And while the Vegas shooter brought an arsenal to his hotel room, the typical mass killer is a person on the move, bringing very few weapons to his targeted location.
The worst forms of gun control are mass restrictions that hinder or inhibit lawful activity rather than targeting individuals for specific restrictions based on their conduct. Bans on so-called assault weapons, high-capacity-magazine restrictions, increased age limits — each of these reforms is easily circumvented by those with criminal intent. They’re especially easily circumvented by the kinds of killers who thoroughly plan their crimes, like the deadliest mass shooters.
By contrast, dealer background checks and mental-health requirements are aimed at individuals who have demonstrated through their behavior that they should not own a weapon. The gun-violence restraining order (or red-flag law), when properly drafted, allows law enforcement to act when a person’s conduct is threatening. But note, the alert in a red-flag scenario comes from a person who notices disturbing behavior indicating real danger and only then triggers a legal proceeding that features appropriate due process.
A bank alert, by contrast, labels as “troubling” and may refer to authorities a financial transaction that is entirely legal. But it’s worse than that. It stigmatizes the exercise of a constitutional right — deeming the exercise of the right itself as worthy of sanction or notification to law enforcement. The purchase of a firearm does not communicate any distinct form of intent in the way that, say, an Instagram threat communicates the existence of a disturbed mind. In fact, in the overwhelming majority of cases, the purchase of a firearm is a marker of benign or virtuous intent — the desire to hunt, to participate in shooting sports, or to protect the ones you love.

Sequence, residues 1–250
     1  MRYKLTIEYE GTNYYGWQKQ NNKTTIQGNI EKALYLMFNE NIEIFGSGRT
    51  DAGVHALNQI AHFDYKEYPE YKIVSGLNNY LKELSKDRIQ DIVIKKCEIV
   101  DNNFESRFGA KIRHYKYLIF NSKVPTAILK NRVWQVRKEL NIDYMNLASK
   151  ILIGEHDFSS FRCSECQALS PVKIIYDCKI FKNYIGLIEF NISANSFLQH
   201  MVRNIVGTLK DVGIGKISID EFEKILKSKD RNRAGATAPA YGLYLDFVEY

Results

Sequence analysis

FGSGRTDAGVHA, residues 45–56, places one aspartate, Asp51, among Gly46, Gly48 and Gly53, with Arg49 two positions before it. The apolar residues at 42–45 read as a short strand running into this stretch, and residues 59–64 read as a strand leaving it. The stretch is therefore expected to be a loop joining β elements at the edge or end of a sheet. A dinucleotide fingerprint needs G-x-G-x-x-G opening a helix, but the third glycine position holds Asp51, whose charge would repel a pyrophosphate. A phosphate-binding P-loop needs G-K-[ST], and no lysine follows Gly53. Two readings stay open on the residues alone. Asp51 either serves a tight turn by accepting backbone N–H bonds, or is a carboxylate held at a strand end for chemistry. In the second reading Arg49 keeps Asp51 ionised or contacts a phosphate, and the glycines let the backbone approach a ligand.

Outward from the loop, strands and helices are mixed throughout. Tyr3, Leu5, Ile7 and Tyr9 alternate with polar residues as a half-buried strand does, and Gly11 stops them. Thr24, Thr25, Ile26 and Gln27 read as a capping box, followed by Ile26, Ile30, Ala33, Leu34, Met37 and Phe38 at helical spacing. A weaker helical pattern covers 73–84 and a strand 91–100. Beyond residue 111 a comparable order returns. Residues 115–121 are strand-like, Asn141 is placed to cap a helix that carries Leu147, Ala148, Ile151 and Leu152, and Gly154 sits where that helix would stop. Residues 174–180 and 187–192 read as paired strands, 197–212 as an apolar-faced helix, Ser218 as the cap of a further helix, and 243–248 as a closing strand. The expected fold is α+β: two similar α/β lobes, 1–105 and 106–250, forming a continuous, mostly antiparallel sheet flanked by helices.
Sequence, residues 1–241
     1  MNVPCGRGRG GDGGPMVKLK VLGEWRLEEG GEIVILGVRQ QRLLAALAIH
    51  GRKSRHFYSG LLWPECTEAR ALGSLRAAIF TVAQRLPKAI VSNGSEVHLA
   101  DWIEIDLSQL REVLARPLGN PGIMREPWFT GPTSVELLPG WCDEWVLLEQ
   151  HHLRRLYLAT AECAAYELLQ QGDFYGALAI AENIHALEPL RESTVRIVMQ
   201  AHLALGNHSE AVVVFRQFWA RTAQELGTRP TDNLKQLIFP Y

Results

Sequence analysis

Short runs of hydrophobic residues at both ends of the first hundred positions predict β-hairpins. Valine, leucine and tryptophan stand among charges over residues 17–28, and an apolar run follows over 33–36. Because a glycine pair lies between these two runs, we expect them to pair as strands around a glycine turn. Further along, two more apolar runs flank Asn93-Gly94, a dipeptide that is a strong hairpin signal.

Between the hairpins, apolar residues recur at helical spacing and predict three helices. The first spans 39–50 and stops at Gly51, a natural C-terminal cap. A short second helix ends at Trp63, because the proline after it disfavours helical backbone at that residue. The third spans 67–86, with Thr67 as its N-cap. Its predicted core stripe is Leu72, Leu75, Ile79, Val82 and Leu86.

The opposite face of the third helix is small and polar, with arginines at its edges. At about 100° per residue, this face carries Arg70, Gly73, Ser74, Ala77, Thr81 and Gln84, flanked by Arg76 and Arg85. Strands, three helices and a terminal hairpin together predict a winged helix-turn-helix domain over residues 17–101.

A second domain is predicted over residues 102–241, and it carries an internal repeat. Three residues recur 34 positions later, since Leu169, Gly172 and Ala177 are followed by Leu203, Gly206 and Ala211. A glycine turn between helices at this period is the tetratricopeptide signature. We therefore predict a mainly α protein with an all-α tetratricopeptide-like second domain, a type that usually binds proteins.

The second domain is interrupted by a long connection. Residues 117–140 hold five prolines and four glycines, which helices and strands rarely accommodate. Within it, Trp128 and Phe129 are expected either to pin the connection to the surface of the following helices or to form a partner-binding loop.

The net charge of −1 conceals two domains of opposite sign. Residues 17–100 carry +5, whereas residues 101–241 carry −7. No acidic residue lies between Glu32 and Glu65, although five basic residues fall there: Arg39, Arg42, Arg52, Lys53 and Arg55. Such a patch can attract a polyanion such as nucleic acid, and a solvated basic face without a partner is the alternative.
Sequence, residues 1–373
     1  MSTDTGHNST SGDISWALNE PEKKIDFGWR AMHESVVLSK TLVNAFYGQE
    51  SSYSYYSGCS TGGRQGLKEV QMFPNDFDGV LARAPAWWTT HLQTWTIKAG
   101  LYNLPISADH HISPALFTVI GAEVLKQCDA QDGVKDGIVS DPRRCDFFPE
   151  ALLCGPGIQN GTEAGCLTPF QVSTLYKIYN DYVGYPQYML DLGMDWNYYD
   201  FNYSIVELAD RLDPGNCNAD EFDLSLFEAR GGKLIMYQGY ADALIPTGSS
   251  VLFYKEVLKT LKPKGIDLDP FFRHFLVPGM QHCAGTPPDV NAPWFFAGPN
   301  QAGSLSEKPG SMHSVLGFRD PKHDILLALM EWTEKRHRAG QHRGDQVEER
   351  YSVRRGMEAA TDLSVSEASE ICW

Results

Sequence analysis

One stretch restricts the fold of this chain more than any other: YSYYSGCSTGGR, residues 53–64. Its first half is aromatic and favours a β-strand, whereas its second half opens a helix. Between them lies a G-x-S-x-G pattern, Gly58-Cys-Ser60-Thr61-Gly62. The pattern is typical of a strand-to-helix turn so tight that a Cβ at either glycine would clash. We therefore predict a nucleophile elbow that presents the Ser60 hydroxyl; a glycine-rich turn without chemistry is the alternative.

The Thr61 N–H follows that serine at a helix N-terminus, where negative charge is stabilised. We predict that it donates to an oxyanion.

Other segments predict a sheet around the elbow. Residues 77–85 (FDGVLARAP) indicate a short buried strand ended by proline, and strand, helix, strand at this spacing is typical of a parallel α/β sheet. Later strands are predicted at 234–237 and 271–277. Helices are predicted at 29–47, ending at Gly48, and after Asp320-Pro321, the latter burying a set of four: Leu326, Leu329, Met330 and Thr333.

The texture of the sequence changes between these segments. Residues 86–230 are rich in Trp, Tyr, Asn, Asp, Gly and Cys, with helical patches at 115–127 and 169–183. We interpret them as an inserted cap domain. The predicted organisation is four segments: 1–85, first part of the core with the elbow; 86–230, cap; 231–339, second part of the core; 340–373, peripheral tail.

Yet don’t think it’s far-fetched to believe that the progressive gun-control movement can enlist elite corporations into this new cause. As Sorkin notes in his article, his previous reporting triggered dramatic corporate action in the recent past:
After the shooting last February at Marjory Stoneman Douglas High School in Parkland, Fla., where 17 students and staff members were killed, this column suggested that financial firms had an opportunity to help reduce violence by pushing for more responsible practices by the gun industry. As a result, some banks ended their relationships with gunmakers and some investors pushed manufacturers for more transparency.
Never forget, American corporations often have progressive monocultures, and their elite ranks are often populated by individuals who want to use their considerable power to advance social justice. So while a number of credit-card companies admirably pushed back against Sorkin when he interviewed them for his article, will they show the same resolve the next time a spree killer buys his weapons and magazines with their credit cards?
As I’ve written many times before, we don’t have a good solution for mass shootings. Armed citizens, red-flag laws, improved mental-health systems, and more-effective law enforcement are all pieces of a complex puzzle. It’s understandable and laudable that many Americans are getting creative in the quest for answers. But when fundamental rights are at stake, even well-meaning creativity and activism carries with it dangers to liberty — frequently without providing the increased security that we all seek. In the fight against spree killers, we must not demand that Visa and Mastercard become Big Brother.